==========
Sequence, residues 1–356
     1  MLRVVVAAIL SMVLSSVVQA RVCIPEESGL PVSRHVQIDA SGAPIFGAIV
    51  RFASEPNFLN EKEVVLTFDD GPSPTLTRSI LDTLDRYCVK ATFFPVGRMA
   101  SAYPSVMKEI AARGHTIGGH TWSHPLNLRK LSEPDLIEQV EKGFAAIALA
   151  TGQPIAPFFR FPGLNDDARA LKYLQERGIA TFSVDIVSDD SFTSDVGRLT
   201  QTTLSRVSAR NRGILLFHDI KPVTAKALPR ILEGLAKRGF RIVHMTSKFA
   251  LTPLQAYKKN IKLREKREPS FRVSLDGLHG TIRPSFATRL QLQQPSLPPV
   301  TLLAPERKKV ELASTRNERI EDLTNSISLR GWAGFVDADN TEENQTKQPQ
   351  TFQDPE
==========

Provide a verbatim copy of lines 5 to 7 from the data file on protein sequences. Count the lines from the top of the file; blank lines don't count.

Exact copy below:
   151  TGQPIAPFFR FPGLNDDARA LKYLQERGIA TFSVDIVSDD SFTSDVGRLT
   201  QTTLSRVSAR NRGILLFHDI KPVTAKALPR ILEGLAKRGF RIVHMTSKFA
   251  LTPLQAYKKN IKLREKREPS FRVSLDGLHG TIRPSFATRL QLQQPSLPPV